Mixed reactions as 0.5% mobile money tax is effected

Mobile money dealers and customers yesterday expressed mixed feelings following a Friday Excise Duty (Amendment) (No.2) Act, 2018 gazettement.
Publishing the Act meant effecting mobile money transactions tax to 0.5 per cent as opposed to 1 per cent that was previously charged.
Ms Angel Nalubega, a mobile money dealer in Namuwongo, a Kampala suburb said despite reduction on mobile money tax, “customers are not transacting as was before the tax was introduced,”

“If a customer is to send Shs1 million to someone in town, s/he will rather use a boda boda than paying that tax,” Ms Nalubega said, adding, “My hope is that this tax is scrapped off altogether.”
For Ms Raina Salama there was a small improvement in transactions yesterday compared to previous week, but she was unable to attribute it to either tax reduction or “luck”
“Business is slowly coming back,” Ms Salama, a mobile money operator in Namuwongo said.

Mr George Were, a dealer in Kibuli, said there is a “slight increase in transaction” and he is hopeful that with increased awareness about the tax reduction, he will be in business.

We are not aware of incentives - SMEs

Lack of business information is limiting the growth of Agro-based Small and Medium Enterprises (SMEs) in Fort Portal.
Small scale entrepreneurs gathered in Fort Portal town to discuss their grievances at the invitation of Southern and Eastern African Trade Information and Negotiations Institute (SEATINI) Uganda in partnership with Uganda Small Scale Industries Association recently.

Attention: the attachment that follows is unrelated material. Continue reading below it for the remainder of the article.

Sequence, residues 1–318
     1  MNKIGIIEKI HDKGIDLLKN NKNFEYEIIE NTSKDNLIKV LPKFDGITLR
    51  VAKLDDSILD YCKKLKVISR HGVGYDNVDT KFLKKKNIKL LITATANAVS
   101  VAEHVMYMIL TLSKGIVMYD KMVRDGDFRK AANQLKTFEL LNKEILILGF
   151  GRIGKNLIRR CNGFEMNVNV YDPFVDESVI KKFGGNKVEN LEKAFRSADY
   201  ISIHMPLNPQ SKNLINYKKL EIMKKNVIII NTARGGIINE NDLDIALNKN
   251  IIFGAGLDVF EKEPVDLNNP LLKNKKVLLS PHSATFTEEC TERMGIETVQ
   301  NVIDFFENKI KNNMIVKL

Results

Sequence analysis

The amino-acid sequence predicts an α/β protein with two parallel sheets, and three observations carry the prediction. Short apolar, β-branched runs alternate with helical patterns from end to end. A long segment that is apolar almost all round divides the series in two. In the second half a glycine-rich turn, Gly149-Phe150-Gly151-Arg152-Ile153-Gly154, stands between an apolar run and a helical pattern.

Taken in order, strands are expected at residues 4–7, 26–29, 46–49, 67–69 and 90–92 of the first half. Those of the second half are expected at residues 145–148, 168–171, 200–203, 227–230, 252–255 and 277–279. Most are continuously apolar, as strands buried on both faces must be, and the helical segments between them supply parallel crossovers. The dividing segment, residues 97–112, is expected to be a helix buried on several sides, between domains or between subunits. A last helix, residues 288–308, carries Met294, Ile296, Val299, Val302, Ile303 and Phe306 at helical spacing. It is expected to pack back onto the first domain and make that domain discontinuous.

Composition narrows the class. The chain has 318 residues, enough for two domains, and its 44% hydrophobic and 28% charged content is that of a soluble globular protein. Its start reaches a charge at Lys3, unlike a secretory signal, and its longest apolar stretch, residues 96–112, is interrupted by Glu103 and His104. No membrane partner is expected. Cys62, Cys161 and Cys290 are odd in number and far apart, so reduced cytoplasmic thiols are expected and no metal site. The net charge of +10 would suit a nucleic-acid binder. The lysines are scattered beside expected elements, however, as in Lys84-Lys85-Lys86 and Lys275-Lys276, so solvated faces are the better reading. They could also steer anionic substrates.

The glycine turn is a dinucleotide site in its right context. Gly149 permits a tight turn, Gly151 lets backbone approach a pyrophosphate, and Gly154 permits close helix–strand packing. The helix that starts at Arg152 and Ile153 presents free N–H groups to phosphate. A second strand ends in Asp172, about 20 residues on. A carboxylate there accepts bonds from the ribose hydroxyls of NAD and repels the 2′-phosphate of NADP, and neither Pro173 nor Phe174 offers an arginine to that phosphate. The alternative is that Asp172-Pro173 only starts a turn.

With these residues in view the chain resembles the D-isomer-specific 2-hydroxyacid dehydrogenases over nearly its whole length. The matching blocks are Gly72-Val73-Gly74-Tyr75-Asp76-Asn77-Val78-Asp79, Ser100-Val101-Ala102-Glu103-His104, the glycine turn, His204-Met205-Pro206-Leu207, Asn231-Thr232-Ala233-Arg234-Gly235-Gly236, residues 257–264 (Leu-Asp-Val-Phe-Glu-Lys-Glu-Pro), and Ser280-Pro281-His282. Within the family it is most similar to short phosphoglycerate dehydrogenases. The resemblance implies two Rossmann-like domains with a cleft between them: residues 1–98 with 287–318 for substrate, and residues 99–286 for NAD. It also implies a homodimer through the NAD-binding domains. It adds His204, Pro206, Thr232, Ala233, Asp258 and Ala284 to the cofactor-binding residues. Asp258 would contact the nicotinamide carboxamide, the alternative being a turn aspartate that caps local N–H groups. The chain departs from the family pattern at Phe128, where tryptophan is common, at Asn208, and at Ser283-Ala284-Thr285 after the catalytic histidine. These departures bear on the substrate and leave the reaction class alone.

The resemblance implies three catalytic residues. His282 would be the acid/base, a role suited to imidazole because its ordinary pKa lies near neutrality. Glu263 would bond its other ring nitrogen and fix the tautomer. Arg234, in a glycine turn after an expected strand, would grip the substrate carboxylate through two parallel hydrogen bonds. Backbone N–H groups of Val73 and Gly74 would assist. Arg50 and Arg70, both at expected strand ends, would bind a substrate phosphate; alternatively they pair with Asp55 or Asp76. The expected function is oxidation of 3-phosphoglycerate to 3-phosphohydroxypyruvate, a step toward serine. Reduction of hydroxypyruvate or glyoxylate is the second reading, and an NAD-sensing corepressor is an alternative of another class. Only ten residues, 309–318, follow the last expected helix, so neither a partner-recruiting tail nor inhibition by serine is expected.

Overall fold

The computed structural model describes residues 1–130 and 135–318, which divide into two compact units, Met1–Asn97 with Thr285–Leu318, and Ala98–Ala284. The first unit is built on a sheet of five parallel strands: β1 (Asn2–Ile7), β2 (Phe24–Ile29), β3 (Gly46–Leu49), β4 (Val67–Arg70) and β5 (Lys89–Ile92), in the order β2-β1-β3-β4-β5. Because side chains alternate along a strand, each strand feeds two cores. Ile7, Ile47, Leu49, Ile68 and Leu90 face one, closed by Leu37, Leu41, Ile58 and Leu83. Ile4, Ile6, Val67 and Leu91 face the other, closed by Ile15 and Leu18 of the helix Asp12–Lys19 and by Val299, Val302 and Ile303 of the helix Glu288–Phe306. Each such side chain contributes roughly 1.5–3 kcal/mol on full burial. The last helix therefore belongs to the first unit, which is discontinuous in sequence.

Key concerns raised by the young businesses were lack of certification from Uganda National Bureau of Standards (UNBS).
Mr Francis Tinka, a wine producer from Rwenzori Community Centre Organisation, expressed his interest in supplying wine to supermarkets around the region but lacks certification from UNBS.

Certification with the quality mark, which often is a prerequisite for supplying in supermarkets costs Shs800,000 per product, a price he cannot bear.

Mr Tinka was not aware that UNBS recently reduced the price of certification to Shs125,000.

Kadaga summons Finance Minister to explain mobile money tax implementation

Parliament has summoned the Ministry of Finance to explain why the Excise Duty Act assented to by president Museveni to reduce the mobile money tax from 1 percent to 0.5 percent is not yet in force.

This followed a complaint by Nakaseke South MP, Ssemakula Luttamaguzi that telecom companies are still charging the 1 percent tax on all transactions despite the new law being in place.

“The lawful charges should be 0.5 percent but up to now telecom companies are still charging one percent. We want to know because most of the people dealing in mobile money have fallen out of that business. Is it designed by government to kill its own people or it is an accident?” he questioned.
He added; “It is a matter of gazetting. We have seen MPs like former Rubaga South Singh Katongole was gazetted within hours but why is such an issue affecting majority of Ugandans taking so long to be gazette?”

Speaker of Parliament Rebecca Kadaga at this point demanded that the Minister of Finance reports to Parliament to explain his arrangements to enforce the excise duty tax.